In a highly unusual legal case, the country of Venezuela is suing the Bank of England (BoE) for around $1 billion. Venezuela’s central bank says it wants Venezuela’s gold back from the BoE, where it is stored, to be routed to the UN Development Programme (UNDP) for it to sell, so that the country can buy necessary kit to combat Covid-19. The BoE has declined to say why it is not handing the gold back. What has aroused the wrath of Venezuela, some 7,500 kilometres distant from London? And what’s the relevance for Glint Pay clients?
Venezuela, like many other countries, keeps its gold reserves in storage at the BoE because, in more than 320 years of its existence, no-one has ever stolen gold from the BoE vaults, which are deep underground in the heart of London.
The BoE website says it holds around 400,000 bars of gold, worth more than £200 billion. The BoE is the world’s second largest keeper of gold. Its website says it holds gold on behalf of central bank customers “to support financial stability by providing central banks with secure custody.” Gold is held in storage on “an allocated basis” (very similar to how Glint customers own their gold) which means that “the customer retains the title to gold bars in our vaults…”
The Banco Central de Venezuela owned 332 tonnes of gold in 1950, increased that to 356 tonnes by 1986 and since then (up to 2018) bought another 156.71 tonnes according to its website. At the BoE it probably stores some 31 tonnes.
In 2018 Venezuela started bartering its gold for food supplies from Turkey, as a general economic crisis deepened. Venezuela’s GDP has shrunk by some 60% in the past seven years. Venezuela’s Presidency is currently held by Nicolas Maduro but it has been disputed since January 2019. Since August 2019 the US has placed sanctions on Venezuela. The International Monetary Fund (IMF) puts annual inflation in Venezuela today at 15,000%. In Venezuela there has been an outbreak of small-scale hunting for gold, sanctioned by the state. There are suggestions that some of this small-scale gold mining is connected to violent criminal activity. Juan Guaidó, who contests the presidency, and has been recognised by more than 50 countries, has called on the European Union to label this artisanal gold mining in Venezuela as “blood gold”.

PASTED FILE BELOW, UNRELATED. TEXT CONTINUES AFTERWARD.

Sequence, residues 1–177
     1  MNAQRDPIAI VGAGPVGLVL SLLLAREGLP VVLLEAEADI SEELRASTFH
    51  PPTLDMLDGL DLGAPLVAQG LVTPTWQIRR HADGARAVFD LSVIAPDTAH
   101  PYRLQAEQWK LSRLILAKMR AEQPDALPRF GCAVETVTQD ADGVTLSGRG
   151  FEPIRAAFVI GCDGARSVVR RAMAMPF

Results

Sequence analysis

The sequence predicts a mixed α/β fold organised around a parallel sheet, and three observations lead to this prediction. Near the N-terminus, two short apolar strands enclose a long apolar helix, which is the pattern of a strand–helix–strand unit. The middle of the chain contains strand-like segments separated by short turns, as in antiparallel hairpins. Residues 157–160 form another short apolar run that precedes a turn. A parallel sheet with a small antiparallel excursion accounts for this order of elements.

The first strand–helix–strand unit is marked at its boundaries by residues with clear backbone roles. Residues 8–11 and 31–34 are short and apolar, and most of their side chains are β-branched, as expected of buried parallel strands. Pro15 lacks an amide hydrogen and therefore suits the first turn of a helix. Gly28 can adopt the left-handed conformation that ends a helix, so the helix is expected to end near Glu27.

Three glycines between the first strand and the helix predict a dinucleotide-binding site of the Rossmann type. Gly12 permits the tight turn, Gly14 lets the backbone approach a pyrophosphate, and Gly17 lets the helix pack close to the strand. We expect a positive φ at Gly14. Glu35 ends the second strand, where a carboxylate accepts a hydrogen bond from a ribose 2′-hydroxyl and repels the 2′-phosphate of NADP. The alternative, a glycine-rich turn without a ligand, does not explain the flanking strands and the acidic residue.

What it means for Glint customers
There are several relevant strands to the Venezuela case.
The most obvious is that gold is highly prized in desperate times. Venezuela shows that when paper currencies become worthless, then gold can still be used to either buy or barter.
The central bank’s lawyers have said there is a “moral imperative” to return the gold. But it’s not just a case of morality – it’s a matter of who legally owns the gold. If the case hinges on that alone then it’s an open-and-shut matter. If the BoE succeeds in resisting giving Venezuela back its gold, it will make a mockery of its claim that it physically allocates the gold it holds to its owners.
No doubt President Maduro has overseen the collapse of his country’s economy and its people’s wellbeing. We neither defend nor attack Maduro.
But the BoE will set a terrible precedent if it decides the ownership of the gold in its vaults is on a moral, rather than a legal basis. And if it wins the case, then expect a flood of demands from other central banks to get their gold out of the BoE’s coffers.
Physically allocated gold, for Glint, is not some kind of subjective moral matter – the gold you have in your account is really owned by no-one else but you. Be glad that it’s not held by the BoE but is safely in a Swiss vault.